Ah yes, I remember thinking that as a teenager. Has anyone ever figured out where this mindset originates? Is it in the genes? Are we born with it? Is it a curse from our grandmothers? Is it a learned attitude? Is it rooted in our environment?
I have no idea where I got that attitude, but it was ingrained into my personality deeply by the age of 10. While this is thought to be (by the thinker) a very independent, grown-up attitude, I believe it to be a sign of immaturity. Of course, I didn’t at the time I was living it; but looking back as a survivor of an “attitude problem,” as my father used to put it, I can see I was too immature to see my elders’ wisdom. I hadn’t lived enough to appreciate those who came before me.
I was growing up when the “Question Authority” slogan was popular, and boy did I! The life of a rebellious teen is a hard road to travel. I did not listen to anything anyone said. I had to learn everything the hard way, by living through it. I took some hard knocks and even knocked down a few times. As a divorced single mom, working full-time and attending college full-time, it was very humbling (yet, I felt, necessary) to go to my parents with the words every rebellious teen hates to express: “You were right.” Doggone it, they were; and if I had just listened to them, my road to adulthood would have been much easier. If you had told me that as a teen, I never would have believed you.
My hope is that teens and adults will read this article. It speaks to all of us but has a very different message for each.
For the teen: If you have the “attitude problem” I had, you think you know everything and nobody can give you advice. You probably aren’t going to listen to me either, but I’m going to say it anyway because some of you may be tired of learning things the hard way.
Life isn’t easy. The problems and issues you are going through are not new. There are people who have been through what you have been through. If you are willing to listen to them, they can guide you on the path to success with relatively few scars. For most of you, these people will be your parents; but I know not all parents relate well to their children, especially teenagers. If that is the case, find another adult you trust. That person could be a teacher, counselor, pastor or another relative. Listen to him or her! It may seem that the “has-it-all-together” adult wouldn’t have a clue about what you’re dealing with, but it’s very possible he or she has “been there, done that” and can guide your around the potholes of life.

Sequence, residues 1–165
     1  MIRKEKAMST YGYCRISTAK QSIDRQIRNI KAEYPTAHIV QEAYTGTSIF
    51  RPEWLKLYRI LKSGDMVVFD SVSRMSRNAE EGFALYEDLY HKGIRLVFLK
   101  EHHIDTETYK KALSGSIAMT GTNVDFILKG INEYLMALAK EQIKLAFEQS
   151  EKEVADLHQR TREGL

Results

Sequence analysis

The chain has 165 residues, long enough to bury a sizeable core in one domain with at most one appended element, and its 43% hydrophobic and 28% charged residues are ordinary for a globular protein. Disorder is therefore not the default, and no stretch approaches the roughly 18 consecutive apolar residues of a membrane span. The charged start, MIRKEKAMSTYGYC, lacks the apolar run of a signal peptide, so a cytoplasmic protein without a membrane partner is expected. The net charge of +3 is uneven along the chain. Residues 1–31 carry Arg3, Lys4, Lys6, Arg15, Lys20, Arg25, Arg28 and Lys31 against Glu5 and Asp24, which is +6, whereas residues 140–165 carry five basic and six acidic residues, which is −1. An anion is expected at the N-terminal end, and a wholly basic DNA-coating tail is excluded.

For the adult: If you are the parent of a rebellious teen, my prayers are with you. I am the parent of two boys. My husband and I gave our boys instructions and guidelines throughout their adolescent years, but that did not prevent them from challenging our instruction and having to learn lessons the hard way.
I blame my mother for this. Yes, she put the Mother’s Curse on me…”I hope you have children just like you!” she repeated; and I did.
No, I suppose it’s not her fault, but I do have two “can’t-tell-them-anything” boys. The older one, 26, now has two young children of his own (no I did not put the Mother’s Curse on him), and I have heard him advising his younger brother, 19, even telling him to listen to his parents. Wow!
So, there is hope. This too shall pass. In most cases, the rebellious teen, after doing things the hard way and taking their knocks, comes around to being a well-rounded adult who understands things could have been done the easy way if they had just listened to the adults around them.
If you are an adult who cares for rebellious teens who refuse to listen to anybody, please be open to opportunity! In a moment of perceived (by them) weakness, these teens will seek advice. Be available! Listen; don’t talk. Sometimes they just need to work through some things, and they may actually come to a good conclusion on their own; but they need someone to hash it through with them. Give guidance if asked, but mostly just be a good listener!
In closing, I must say that being the survivor of an attitude problem is an accomplishment. Yes, I did some stupid things. There even are times I look back and think, “Wow, how did I live through that?” Believe it or not, I would not change a thing, because I truly believe I would not be the person I am today if I had not lived through the experiences I did. I have become a “been there, done that” adult; and I am a very good listener. Young people know I will listen — and guide if asked. I have become a wise adult — wise enough to know I do not know it all and it is OK to seek the wisdom of others.